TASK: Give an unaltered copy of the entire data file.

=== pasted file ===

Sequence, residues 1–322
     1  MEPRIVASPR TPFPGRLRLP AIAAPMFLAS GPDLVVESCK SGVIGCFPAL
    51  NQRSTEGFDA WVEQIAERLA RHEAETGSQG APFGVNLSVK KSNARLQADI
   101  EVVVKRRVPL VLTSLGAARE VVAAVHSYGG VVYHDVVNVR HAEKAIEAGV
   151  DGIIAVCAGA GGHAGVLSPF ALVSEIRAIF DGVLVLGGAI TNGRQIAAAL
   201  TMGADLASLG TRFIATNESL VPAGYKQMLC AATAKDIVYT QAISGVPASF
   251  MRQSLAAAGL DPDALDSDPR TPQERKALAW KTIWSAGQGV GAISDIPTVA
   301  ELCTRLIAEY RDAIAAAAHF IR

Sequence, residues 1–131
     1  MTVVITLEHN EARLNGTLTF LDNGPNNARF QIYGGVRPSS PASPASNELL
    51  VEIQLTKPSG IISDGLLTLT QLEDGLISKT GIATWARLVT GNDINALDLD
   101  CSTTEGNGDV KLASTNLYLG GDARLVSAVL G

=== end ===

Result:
Sequence, residues 1–322
     1  MEPRIVASPR TPFPGRLRLP AIAAPMFLAS GPDLVVESCK SGVIGCFPAL
    51  NQRSTEGFDA WVEQIAERLA RHEAETGSQG APFGVNLSVK KSNARLQADI
   101  EVVVKRRVPL VLTSLGAARE VVAAVHSYGG VVYHDVVNVR HAEKAIEAGV
   151  DGIIAVCAGA GGHAGVLSPF ALVSEIRAIF DGVLVLGGAI TNGRQIAAAL
   201  TMGADLASLG TRFIATNESL VPAGYKQMLC AATAKDIVYT QAISGVPASF
   251  MRQSLAAAGL DPDALDSDPR TPQERKALAW KTIWSAGQGV GAISDIPTVA
   301  ELCTRLIAEY RDAIAAAAHF IR

Sequence, residues 1–131
     1  MTVVITLEHN EARLNGTLTF LDNGPNNARF QIYGGVRPSS PASPASNELL
    51  VEIQLTKPSG IISDGLLTLT QLEDGLISKT GIATWARLVT GNDINALDLD
   101  CSTTEGNGDV KLASTNLYLG GDARLVSAVL G